The beauty in this book is that the antidote to this social memory lapse is easily obtainable, and the remedy is very simple to put into action. This work is especially timely in that unlike the mass of other works which determine the root causes, events, and happenings that lead to the disaster of 9-11, it never addresses this with any definition (my suspicion was that the book was already in the works at the time of the horror), and yet offers a potential alternative to ensure that things such as this may not happen again.
The format of the work reflects its nature - no overfilled pages with laborous stories and instructions jammed in, rather, carefully selected simple words on a stark minimalist background accompanied by gentle and simple graphics.
on January 24, 2002
Margaret Wheatley's new book demonstrates the importance of more deeply coming to understand and listen to one another if we are to not only survive but to thrive, as our world sits at a key moment in human history. The method is profoundly simple which is what makes it simply profound. If the practice of conversation suggested in this text were to begin to take place, there can only be hope for a better existence for all-and it can start right now, today, with anyone willing to get together and simply converse. This book provides a hopeful tool for anyone concerned about our world and the directions it is heading-it provides practice and promise to make a real difference in our own lives and in the lives of others. I recommend this book with great energy and enthusiasm and am most grateful for the wisdom of this fine author.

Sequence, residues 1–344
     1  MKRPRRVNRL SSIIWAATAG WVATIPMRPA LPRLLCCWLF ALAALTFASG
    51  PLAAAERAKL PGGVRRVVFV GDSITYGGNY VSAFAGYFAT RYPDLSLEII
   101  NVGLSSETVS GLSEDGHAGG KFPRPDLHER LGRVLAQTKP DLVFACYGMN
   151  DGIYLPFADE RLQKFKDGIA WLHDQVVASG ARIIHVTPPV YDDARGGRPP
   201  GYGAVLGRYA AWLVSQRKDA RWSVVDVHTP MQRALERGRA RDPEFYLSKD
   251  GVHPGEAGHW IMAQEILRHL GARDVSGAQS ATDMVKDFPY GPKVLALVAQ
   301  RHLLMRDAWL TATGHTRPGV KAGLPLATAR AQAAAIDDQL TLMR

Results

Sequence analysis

on January 16, 2002
Turning to One Another is a gift to us, whether we live in small communities or are involved in global networks. As a management consultant and fan of Wheatley's other books, I have used her theories with CEO's and executives of many organizations. Her explanation of how nature organizes, cooperates, communicates and attracts has provided the leaders in these organizations with fascinating and freeing methods to lead, manage and release their organizations and the people in them to grow and evolve more naturally.
This book is based on the belief that these methods work equally well in less ordered communities and societies than organizations. She encourages us that through simple conversations with people where we live we can believe again in our ability and become creative in solving issues that concern us. And, if we do engage one another with commitment to create what we envision or care about, we will witness something new and positive emerging from our efforts. It's all in the nature of how things actually work. I am very thankful for her efforts and plan to encourage conversations in my community work.
on September 19, 2014
Wheatley presents a set of compelling short essays and prose-poems for reflection on the meaning of life in post-modern culture. You can read each piece in a few minutes and contemplate for a week, or read right through in an evening. Either way, it will change you for the better, or at least turn you toward others for good purposes to share along the journey.